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PLoS One. 2014 Nov 25;9(11):e113188. doi: 10.1371/journal.pone.0113188. eCollection 2014.

Palliative care among heart failure patients in primary care: a comparison to cancer patients using English family practice data.

Author information

1
Palliative Medicine, Hull York Medical School, University of Hull, Hull, East Yorkshire, United Kingdom.
2
Department of Health Sciences, University of York, York, North Yorkshire, United Kingdom.
3
Primary Care Medicine, Hull York Medical School, University of Hull, Hull, East Yorkshire, United Kingdom.
4
Population Health, Department of Health Sciences and Hull York Medical School, University of York, York, North Yorkshire, United Kingdom.

Abstract

INTRODUCTION:

Patients with heart failure have a significant symptom burden and other palliative care needs often over a longer period than patients with cancer. It is acknowledged that this need may be unmet but by how much has not been quantified in primary care data at the population level.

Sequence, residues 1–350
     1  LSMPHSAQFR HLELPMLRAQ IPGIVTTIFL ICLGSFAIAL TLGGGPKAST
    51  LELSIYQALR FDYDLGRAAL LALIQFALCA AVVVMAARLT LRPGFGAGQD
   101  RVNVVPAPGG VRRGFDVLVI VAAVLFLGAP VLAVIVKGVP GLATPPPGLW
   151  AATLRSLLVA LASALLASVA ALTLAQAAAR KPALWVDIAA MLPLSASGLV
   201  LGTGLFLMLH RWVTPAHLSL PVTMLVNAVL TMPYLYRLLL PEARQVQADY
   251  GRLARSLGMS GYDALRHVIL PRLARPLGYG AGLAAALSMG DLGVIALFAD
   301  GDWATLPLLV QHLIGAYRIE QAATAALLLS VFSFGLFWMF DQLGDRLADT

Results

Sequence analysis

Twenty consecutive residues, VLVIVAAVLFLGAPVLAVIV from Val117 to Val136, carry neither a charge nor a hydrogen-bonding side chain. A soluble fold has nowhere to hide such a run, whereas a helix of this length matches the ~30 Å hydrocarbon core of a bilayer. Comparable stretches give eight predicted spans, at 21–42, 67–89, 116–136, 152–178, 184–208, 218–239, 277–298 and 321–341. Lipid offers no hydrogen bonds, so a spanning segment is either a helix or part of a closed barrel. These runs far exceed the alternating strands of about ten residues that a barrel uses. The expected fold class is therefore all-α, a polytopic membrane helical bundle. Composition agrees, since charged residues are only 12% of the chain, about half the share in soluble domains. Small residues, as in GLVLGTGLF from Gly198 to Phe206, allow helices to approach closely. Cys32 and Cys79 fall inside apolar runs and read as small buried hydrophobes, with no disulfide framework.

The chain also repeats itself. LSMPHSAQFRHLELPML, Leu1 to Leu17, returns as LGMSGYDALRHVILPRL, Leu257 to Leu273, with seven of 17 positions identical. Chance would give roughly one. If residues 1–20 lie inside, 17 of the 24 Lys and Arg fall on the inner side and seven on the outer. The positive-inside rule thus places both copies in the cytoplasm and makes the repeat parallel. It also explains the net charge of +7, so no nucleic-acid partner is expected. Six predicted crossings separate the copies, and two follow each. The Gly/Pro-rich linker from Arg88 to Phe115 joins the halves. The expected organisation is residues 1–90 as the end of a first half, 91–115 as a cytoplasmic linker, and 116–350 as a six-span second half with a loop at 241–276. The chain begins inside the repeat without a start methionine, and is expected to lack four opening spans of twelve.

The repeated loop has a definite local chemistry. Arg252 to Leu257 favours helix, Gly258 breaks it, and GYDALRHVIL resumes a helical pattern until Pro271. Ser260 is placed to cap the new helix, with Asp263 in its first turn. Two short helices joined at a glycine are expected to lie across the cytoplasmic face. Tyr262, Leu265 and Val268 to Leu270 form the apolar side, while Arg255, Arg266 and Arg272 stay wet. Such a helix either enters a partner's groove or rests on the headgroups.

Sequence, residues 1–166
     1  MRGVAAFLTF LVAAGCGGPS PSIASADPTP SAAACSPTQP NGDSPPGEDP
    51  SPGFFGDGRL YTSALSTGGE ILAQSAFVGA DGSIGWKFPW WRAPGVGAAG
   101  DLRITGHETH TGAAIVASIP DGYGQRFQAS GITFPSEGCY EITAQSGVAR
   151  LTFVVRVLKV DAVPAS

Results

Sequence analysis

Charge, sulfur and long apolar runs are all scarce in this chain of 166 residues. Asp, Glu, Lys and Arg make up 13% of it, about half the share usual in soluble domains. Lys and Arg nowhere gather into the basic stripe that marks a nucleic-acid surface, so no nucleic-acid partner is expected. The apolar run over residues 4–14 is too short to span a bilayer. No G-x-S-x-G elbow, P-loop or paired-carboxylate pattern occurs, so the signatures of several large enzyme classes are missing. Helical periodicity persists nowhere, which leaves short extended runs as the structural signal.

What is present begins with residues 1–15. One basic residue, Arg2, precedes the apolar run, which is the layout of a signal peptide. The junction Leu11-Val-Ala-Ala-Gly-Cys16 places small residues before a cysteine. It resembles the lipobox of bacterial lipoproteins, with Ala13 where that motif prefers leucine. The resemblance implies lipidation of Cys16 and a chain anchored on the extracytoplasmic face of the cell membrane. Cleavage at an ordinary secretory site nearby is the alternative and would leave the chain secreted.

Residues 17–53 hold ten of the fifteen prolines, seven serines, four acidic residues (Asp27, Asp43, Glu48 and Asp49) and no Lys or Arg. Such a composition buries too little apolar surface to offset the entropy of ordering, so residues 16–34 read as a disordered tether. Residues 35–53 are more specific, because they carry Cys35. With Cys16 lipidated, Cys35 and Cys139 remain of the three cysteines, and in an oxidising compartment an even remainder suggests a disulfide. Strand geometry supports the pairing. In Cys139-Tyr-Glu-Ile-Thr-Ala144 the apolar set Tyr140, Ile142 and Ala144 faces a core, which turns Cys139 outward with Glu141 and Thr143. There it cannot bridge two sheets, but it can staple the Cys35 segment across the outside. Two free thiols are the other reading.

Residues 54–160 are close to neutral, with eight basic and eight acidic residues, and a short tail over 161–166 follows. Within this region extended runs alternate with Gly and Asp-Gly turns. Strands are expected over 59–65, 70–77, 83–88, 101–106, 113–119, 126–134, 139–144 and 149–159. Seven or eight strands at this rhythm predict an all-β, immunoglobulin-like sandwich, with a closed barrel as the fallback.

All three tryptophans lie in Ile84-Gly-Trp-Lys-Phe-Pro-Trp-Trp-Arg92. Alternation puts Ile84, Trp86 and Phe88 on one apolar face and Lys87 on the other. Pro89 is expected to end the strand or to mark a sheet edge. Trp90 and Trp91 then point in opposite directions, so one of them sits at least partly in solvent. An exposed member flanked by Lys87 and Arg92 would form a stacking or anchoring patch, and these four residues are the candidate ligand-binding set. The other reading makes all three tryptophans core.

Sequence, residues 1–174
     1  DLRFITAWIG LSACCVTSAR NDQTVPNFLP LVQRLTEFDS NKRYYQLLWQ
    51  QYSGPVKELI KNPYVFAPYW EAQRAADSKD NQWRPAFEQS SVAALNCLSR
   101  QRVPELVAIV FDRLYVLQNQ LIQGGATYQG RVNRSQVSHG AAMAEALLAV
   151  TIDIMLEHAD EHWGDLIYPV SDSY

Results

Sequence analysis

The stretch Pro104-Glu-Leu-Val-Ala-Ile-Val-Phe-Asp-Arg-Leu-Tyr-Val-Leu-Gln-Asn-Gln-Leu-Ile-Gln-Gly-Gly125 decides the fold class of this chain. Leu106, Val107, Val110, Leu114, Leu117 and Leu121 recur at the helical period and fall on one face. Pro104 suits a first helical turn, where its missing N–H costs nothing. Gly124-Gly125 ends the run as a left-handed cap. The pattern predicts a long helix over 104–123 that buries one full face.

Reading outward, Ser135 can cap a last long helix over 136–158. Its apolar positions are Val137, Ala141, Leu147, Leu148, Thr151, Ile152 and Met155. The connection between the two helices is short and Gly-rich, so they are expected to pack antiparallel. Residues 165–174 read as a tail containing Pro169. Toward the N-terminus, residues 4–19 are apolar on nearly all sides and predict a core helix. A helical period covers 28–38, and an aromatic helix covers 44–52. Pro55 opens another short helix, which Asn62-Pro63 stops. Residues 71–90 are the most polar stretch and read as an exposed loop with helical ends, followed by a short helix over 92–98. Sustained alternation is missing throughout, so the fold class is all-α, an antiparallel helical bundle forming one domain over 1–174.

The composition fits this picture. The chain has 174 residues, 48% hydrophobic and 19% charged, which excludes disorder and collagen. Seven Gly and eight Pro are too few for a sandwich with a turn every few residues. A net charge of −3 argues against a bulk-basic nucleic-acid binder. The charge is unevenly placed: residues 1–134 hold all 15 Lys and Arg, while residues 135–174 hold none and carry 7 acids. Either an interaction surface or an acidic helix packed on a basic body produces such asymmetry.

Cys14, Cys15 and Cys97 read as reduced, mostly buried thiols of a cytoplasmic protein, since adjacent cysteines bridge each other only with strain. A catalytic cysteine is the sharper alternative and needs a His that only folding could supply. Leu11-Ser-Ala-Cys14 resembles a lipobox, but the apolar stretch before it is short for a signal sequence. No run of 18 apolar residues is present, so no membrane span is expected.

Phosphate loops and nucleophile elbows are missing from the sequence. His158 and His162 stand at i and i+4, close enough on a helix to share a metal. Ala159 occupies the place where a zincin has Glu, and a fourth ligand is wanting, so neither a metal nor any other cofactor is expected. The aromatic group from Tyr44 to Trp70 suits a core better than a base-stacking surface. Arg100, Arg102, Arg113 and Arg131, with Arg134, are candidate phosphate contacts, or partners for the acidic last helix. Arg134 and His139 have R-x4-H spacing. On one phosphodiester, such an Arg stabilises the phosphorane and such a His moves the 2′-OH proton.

METHODS:

This was the first use of Clinical Practice Research Datalink, the world's largest primary care database to explore recognition of the need for palliative care. Heart failure and cancer patients who had died in 2009 aged 18 or over and had at least one year of primary care records were identified. A palliative approach to care among patients with heart failure was compared to that among patients with cancer using entry onto a palliative care register as a marker for a palliative approach to care.

RESULTS:

Among patients with heart failure, 7% (234/3 122) were entered on the palliative care register compared to 48% (3 669/7 608) of cancer patients. Of heart failure patients on the palliative care register, 29% (69/234) were entered onto the register within a week of their death.

CONCLUSIONS:

This confirms that the stark inequity in recognition of palliative care needs for people with heart failure in a large primary care dataset. We recommend a move away from prognosis based criteria for palliative care towards a patient centred approach, with assessment of and attention to palliative needs including advance care planning throughout the disease trajectory.

PMID:
25423169
PMCID:
PMC4244094
DOI:
10.1371/journal.pone.0113188
[Indexed for MEDLINE]
Free PMC Article

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